Texas Senate Committee Holds Meeting on Gun Violence but Forgets the Guns

A Senate special committee on Mass Violence Prevention and Community Safety held its first meeting yesterday.
A Senate special committee on Mass Violence Prevention and Community Safety held its first meeting yesterday.
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Thursday, a Senate special committee held its first meeting to discuss gun violence and prevention and address the eight executive orders issued by Gov. Greg Abbott. These orders were targeted at strengthening the state's Suspicious Activity Reporting Network, and much of the day's testimony focused on the network's actions and funding.

Overall, committee members devoted most of their discussion time to asking panel members about the ways agencies can work together, on reporting and reaction systems. But the committee spent barely any time considering the weapons themselves or access to them.

Discussion centered around mental health, social media and shooters who self-radicalize online. Many panel members repeated concerns about infringing on Second Amendment rights and due process of the law. The committee heard from Texas Department of Public Safety officials, prosecutors and law enforcement officials, and members of Texas State Health and Human Services.

Partway into the discussion, Sen. Jane Nelson, a Republican from Flower Mound, expressed her conviction that no laws could completely address the problem, saying that some people are simply evil, and evil cannot be predicted.

“And I personally am not willing to sacrifice our Second Amendment rights to try to prevent evil from occurring,” she said.

Steve McGraw, director of the Department of Public Safety, told the committee that the Suspicious Activity Reporting Network operates through eight “fusion centers” that monitor, manage and assess threats. Seven of those centers oversee local actions, and one is focused on the entire state. Each center has FBI agents dedicated to assessing if reports of threats are credible or of concern.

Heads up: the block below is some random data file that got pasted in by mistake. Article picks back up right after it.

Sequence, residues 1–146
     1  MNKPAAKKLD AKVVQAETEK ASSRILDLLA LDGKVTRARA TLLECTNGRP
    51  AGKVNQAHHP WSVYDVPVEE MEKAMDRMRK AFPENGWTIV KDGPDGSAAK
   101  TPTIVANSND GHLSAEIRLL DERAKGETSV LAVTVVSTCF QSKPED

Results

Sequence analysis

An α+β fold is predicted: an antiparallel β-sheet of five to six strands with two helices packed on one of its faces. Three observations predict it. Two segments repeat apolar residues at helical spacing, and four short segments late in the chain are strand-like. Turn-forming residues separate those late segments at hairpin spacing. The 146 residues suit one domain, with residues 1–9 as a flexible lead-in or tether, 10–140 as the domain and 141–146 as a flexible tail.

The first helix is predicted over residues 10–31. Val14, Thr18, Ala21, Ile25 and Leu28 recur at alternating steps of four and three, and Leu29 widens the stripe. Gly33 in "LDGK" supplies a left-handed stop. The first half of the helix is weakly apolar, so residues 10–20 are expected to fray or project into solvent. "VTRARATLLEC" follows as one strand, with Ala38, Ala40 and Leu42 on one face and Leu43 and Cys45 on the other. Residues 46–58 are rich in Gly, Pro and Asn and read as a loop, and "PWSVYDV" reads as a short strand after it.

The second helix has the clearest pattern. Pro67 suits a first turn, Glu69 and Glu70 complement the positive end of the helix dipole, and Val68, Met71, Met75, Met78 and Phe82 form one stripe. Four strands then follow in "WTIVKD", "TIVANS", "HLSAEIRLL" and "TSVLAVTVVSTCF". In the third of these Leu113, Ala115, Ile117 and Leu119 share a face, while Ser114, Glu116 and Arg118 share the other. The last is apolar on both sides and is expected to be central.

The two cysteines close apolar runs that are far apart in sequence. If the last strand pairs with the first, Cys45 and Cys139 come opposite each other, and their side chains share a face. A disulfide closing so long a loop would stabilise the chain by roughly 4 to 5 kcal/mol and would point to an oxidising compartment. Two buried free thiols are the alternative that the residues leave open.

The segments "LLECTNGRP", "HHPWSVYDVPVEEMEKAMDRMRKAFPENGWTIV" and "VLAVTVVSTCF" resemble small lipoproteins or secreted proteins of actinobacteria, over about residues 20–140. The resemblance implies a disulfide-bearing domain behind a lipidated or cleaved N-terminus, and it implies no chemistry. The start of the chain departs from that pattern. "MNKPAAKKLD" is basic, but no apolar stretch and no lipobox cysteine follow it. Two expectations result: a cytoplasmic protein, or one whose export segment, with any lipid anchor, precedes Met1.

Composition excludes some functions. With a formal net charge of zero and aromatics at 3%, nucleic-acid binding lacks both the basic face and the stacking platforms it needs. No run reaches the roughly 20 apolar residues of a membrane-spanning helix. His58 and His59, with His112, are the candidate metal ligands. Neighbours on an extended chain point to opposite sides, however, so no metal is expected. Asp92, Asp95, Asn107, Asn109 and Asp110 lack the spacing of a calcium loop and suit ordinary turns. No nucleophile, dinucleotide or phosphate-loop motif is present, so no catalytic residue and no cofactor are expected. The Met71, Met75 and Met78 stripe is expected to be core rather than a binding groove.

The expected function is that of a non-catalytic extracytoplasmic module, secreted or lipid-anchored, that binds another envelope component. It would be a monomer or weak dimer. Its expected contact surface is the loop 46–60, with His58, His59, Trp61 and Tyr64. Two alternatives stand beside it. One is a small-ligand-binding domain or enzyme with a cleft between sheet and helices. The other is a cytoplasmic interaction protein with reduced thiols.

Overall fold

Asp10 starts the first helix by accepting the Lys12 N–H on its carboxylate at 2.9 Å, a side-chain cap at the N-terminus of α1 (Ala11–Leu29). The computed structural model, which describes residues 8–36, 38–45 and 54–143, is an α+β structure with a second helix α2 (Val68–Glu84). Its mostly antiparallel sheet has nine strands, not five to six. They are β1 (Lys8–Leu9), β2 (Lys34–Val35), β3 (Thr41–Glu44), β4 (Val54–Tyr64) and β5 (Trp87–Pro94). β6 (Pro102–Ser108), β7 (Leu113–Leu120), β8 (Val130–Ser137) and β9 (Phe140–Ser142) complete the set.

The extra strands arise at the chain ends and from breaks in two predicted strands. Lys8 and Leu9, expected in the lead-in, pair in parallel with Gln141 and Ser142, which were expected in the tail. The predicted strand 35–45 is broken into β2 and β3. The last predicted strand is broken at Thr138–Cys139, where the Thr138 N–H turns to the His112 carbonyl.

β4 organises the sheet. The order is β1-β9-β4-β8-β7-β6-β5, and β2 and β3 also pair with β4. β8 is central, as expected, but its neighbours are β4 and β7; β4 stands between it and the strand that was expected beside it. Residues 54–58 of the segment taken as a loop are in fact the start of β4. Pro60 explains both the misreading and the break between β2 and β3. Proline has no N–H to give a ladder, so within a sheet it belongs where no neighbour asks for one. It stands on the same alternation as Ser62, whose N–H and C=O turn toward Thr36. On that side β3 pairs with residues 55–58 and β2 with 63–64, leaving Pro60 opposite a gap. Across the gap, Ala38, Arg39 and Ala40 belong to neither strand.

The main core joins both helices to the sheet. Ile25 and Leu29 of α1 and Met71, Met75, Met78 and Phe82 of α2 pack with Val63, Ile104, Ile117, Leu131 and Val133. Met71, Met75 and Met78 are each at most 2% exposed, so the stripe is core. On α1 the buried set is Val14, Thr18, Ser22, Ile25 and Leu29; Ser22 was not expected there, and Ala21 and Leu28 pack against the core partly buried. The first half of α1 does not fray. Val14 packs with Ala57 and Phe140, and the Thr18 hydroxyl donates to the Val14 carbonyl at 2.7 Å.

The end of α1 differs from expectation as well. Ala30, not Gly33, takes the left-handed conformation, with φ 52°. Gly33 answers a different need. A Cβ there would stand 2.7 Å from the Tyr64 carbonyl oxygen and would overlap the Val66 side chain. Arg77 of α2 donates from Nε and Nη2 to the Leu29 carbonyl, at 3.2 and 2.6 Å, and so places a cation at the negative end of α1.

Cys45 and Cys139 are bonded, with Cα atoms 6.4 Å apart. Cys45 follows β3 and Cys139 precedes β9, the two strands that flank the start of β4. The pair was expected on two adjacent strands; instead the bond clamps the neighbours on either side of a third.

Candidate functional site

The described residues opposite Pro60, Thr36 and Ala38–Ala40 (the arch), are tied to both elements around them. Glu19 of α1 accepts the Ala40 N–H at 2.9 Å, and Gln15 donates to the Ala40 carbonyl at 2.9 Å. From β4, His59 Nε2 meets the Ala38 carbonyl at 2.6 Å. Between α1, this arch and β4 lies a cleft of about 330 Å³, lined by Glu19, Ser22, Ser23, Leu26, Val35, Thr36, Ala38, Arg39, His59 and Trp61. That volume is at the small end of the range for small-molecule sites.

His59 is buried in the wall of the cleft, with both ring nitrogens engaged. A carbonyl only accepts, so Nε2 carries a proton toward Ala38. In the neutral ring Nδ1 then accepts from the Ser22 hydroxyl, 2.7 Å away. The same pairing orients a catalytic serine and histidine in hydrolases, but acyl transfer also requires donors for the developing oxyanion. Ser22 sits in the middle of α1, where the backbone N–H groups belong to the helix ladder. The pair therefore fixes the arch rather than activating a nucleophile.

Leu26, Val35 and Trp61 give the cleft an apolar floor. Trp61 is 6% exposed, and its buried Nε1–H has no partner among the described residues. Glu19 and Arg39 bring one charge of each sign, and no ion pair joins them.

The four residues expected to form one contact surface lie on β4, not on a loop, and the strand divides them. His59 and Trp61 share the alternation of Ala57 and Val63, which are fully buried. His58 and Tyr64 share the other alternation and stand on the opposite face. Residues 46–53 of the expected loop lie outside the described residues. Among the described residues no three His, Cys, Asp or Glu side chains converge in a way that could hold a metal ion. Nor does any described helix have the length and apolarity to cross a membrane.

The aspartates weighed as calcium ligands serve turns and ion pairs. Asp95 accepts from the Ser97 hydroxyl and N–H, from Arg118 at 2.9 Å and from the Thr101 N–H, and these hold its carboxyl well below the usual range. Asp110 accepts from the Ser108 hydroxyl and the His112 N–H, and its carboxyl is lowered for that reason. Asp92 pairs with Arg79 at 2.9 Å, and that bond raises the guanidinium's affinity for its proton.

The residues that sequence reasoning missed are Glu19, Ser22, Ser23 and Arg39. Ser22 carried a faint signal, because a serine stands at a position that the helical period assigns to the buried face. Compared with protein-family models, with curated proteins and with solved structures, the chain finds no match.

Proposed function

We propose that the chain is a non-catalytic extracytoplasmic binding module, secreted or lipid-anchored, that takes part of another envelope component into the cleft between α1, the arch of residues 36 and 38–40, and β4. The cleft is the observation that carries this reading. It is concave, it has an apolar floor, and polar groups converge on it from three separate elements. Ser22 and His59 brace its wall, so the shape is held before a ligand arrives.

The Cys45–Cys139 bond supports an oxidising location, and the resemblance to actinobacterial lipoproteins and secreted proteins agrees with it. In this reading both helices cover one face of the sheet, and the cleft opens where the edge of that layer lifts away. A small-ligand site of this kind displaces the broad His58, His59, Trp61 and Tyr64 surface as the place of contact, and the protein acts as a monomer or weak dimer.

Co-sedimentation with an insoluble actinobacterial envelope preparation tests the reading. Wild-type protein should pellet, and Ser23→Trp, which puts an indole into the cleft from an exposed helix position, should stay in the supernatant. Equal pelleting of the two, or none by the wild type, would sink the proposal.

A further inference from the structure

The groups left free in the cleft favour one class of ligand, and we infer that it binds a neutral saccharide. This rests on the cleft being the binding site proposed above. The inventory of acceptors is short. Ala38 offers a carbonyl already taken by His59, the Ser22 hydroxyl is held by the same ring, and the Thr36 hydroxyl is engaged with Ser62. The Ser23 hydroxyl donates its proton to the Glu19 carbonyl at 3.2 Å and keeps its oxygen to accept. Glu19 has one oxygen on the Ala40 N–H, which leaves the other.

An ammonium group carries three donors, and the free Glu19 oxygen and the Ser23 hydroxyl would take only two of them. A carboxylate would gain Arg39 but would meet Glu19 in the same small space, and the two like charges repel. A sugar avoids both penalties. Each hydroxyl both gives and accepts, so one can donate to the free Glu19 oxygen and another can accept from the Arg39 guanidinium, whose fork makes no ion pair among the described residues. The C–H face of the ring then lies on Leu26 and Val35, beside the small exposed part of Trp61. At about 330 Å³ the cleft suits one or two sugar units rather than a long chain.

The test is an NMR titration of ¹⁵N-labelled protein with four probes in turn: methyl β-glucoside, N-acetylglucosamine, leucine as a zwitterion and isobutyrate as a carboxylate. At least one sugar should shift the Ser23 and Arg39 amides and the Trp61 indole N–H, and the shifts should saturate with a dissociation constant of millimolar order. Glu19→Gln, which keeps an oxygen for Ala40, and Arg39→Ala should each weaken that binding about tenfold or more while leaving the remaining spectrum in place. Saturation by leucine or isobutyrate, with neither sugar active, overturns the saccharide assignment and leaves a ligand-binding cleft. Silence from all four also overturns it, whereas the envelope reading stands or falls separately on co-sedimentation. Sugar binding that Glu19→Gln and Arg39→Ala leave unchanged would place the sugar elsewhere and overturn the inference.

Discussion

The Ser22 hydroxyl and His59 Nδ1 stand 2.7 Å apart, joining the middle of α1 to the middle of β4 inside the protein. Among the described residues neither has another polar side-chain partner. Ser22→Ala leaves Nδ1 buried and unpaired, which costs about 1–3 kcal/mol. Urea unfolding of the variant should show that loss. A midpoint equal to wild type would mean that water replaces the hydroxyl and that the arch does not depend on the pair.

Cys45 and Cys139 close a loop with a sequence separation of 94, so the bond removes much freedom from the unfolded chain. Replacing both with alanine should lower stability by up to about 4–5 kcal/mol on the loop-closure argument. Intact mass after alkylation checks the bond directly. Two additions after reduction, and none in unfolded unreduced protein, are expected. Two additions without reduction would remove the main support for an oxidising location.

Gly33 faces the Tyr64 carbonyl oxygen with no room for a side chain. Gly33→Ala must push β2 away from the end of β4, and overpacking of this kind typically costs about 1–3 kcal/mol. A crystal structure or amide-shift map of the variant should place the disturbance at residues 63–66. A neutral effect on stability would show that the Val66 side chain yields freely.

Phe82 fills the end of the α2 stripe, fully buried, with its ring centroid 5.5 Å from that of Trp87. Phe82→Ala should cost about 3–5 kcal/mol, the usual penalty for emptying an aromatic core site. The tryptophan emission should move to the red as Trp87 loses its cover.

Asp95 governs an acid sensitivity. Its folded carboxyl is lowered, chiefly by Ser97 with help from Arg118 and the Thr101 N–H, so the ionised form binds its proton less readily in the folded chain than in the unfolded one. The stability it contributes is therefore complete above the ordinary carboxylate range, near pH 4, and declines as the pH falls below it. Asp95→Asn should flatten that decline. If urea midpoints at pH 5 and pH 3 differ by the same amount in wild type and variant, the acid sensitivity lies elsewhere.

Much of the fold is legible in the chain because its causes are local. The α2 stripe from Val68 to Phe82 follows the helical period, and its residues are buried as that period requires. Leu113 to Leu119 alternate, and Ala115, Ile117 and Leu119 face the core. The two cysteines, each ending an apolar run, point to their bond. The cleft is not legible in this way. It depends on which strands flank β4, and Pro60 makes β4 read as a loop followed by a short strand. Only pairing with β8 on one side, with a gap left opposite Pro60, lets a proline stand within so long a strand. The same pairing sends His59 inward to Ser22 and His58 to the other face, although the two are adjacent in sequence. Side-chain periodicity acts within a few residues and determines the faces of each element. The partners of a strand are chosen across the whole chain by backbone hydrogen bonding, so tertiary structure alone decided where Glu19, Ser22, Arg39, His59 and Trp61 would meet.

In response to Abbott's executive orders, the fusion centers will add 158 additional personnel, including 24 FBI agents and 54 analysts. McGraw also spoke about the need to increase public awareness and educate communities on how to respond to mass shooting events.

McGraw detailed how the network is developing a rigorous set of standardized questions that will be used to assess threat reports and direct action. He also outlined ways the agency is working to improve speed, communication and integration of information about threats. DPS is working with mental health professionals to design the questions.

When pressed, McGraw confirmed that the alleged El Paso shooter's mother reported a concern about her son before the shooting, saying that he had purchased an assault weapon, and that the communications operator interviewed her to determine if he showed indicators of violence or suicide. McGraw said there were no laws preventing DPS from looking into the man's online activity after that call.

Tarrant County Assistant District Attorney Vincent Giardino did give the committee an overview of the few situations under Texas law that prohibit gun ownership, most of which expire after five years or a probation sentence served. After that time period, those people would not pass a background check or be able to purchase a gun, but would not violate state law simply by having guns.

Committee members repeatedly fell back on the conviction that many mass shooters are mentally ill. Sen. Donna Campbell, a Republican from New Braunfels, also suggested that the internet and variety of media available in the world have a negative effect on children.

“There is an evil message many times that are embedded in that,” she said.

Sonja Gaines, deputy executive commissioner for Intellectual and Developmental Disability and Behavioral Health Services, told the committee that less than 5% of all violent acts in the U.S. are committed by people with mental health conditions. Many potential threats have been eliminated with early intervention and treatment, she said.

Responding to the idea that very few violent acts are committed by people with mental illnesses, Campbell said she thought that even if individuals had no history of mental illness, there was a triggering event that in the moment of the shooting meant that they were not in their proper state of mind.

“So they may not be defined as mentally ill the day before. But nobody in their right mind goes out and kills anybody,” she said.

Mental health, reaction and intervention will continue to be a focus of the committee chair, said Sen. Joan Huffman, a Harris County Republican, as she adjourned the day's discussions.

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